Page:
Rumour: Kids use the internet/their phones too much — they’re addicted!

Research says: While plenty of research has been done to try to figure this out, the results are still pretty inconclusive, especially for kids. Certainly, studies show that kids feel addicted, but whether many are experiencing the symptoms of true addiction — interference with daily life, needing more to achieve the same feeling — is still up for debate. Also, no one has defined what “too much” time is.

Advice: Build as much balance into kids’ days and weeks as possible. That means aiming for a mix of screen and non-screen time that includes time with family and friends, reading, exercising, chores, outdoor play, and creative time. If kids seem to be suffering in some area — at school, with friends, with behavior at home — take a look at her daily and weekly activities and adjust accordingly.

Rumour: Violent video games make kids violent

Research says: Heavy exposure to violent media can be a risk factor for violent behavior, according to some — but not all — studies. Children who are exposed to multiple risk factors — including substance abuse, aggression, and conflict at home — and who consume violent media are more likely to behave aggressively.

Advice: Avoid games that are age-inappropriate, especially ones that combine violence with sex. Make media choices that reflect your family’s values; that can mean choosing nonviolent games, limiting the amount of time kids can play certain games, or playing along with kids to help guide them through iffy stuff. Also, as much as possible, limit other risk factors of aggression in kids’ lives.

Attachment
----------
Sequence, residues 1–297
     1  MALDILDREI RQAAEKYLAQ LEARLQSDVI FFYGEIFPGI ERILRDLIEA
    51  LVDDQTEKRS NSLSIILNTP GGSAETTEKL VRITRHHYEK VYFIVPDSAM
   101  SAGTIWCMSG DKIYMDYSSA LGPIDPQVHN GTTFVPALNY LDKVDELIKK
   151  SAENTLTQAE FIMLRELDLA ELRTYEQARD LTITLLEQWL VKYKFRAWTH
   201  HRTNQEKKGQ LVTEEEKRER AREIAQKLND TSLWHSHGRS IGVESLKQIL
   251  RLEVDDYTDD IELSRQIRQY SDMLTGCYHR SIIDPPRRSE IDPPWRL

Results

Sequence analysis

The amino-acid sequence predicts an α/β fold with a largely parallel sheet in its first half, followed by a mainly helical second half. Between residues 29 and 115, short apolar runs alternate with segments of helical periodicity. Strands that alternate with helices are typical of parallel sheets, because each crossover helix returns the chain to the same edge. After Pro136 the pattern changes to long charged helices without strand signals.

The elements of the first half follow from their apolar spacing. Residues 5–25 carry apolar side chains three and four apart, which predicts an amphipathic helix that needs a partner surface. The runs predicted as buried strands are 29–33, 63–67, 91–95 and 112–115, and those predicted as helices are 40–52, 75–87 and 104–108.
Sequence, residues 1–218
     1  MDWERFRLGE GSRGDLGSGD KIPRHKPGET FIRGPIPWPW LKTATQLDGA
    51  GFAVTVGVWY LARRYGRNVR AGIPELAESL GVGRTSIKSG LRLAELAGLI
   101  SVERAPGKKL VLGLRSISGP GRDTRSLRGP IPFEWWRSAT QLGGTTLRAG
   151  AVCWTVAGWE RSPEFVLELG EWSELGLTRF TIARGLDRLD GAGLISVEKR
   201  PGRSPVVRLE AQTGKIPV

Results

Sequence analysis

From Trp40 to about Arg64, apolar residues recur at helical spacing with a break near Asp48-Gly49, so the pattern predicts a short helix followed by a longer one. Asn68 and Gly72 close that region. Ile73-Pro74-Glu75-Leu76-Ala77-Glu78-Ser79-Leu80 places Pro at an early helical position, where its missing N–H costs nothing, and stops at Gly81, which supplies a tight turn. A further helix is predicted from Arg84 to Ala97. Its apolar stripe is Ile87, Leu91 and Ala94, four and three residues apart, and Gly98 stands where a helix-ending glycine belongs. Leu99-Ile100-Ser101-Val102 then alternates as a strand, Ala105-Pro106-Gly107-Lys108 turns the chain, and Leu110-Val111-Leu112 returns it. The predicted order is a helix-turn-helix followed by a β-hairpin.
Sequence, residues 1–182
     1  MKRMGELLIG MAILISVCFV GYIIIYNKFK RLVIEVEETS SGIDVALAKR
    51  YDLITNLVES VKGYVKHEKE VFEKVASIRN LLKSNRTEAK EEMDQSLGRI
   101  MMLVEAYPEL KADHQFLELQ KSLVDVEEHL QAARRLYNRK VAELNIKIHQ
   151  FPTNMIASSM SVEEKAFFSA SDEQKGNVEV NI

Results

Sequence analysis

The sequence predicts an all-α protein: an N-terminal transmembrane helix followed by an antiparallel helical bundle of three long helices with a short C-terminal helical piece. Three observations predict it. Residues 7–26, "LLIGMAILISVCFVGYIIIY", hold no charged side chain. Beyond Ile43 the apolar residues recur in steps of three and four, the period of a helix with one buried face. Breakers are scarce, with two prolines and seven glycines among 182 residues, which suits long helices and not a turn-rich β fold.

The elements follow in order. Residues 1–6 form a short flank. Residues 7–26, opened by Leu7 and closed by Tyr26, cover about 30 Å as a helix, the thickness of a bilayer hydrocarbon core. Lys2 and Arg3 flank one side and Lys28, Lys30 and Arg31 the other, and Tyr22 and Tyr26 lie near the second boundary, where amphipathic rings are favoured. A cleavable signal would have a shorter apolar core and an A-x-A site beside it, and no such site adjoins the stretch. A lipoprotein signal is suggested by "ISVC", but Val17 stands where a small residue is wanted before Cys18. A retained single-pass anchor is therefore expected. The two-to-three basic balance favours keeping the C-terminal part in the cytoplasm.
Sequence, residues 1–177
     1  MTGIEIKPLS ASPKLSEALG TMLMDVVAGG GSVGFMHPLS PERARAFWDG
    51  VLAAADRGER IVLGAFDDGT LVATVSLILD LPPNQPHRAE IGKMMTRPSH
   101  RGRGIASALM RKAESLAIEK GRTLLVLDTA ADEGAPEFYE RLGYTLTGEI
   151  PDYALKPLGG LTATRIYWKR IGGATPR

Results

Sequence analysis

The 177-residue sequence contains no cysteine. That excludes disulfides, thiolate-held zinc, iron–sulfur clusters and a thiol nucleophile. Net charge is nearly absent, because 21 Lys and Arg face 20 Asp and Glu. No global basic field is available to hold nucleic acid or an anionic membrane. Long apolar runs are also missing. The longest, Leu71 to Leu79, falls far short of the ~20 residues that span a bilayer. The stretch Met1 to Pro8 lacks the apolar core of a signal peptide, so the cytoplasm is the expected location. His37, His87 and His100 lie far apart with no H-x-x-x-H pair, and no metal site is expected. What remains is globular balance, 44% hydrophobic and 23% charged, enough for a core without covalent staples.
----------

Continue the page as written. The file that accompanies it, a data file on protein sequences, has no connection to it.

Rumour: Kids don’t know how to have face-to-face conversations anymore

Research says: Studies on this topic haven’t focused on kids yet, but that data is surely on the horizon. What we know says that many older adults think devices harm conversations, but younger adults aren’t as bothered. A couple studies have also found that the absence of devices (at summer camps or during one-on-one conversations) can inspire emotional awareness. What that means about the ability to have a conversation is unclear.

Advice: Make sure kids get experience having face-to-face conversations with family members, friends, and others, such as teachers, coaches, or clergy. Teach kids proper etiquette, including not staring at a phone while someone else is talking. Model the behavior you want to see. But also accept that digital communication is here to stay. Embrace it and use it with your kid. And don’t criticize kids for using it appropriately, even if it’s not your preferred method of communication.

This post originally appeared on Common Sense Media and has been shared with full permission.


Common Sense Media is an independent nonprofit organization offering unbiased ratings and trusted advice to help families make smart media and technology choices. Check out our ratings and recommendations at  www.commonsense.org and sign up for our newsletter to read more articles like this.